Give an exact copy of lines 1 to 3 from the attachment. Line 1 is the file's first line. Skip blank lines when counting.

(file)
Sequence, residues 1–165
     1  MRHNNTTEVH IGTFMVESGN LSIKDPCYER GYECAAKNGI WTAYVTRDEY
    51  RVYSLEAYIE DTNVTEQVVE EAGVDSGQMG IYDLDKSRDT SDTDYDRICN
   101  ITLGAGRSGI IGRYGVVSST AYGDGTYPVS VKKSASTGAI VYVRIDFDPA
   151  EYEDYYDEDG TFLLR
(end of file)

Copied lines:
Sequence, residues 1–165
     1  MRHNNTTEVH IGTFMVESGN LSIKDPCYER GYECAAKNGI WTAYVTRDEY
    51  RVYSLEAYIE DTNVTEQVVE EAGVDSGQMG IYDLDKSRDT SDTDYDRICN